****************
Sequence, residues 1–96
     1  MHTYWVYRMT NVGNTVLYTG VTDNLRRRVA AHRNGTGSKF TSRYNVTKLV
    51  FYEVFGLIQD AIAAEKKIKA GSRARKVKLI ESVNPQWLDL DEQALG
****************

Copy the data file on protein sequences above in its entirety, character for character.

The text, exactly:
Sequence, residues 1–96
     1  MHTYWVYRMT NVGNTVLYTG VTDNLRRRVA AHRNGTGSKF TSRYNVTKLV
    51  FYEVFGLIQD AIAAEKKIKA GSRARKVKLI ESVNPQWLDL DEQALG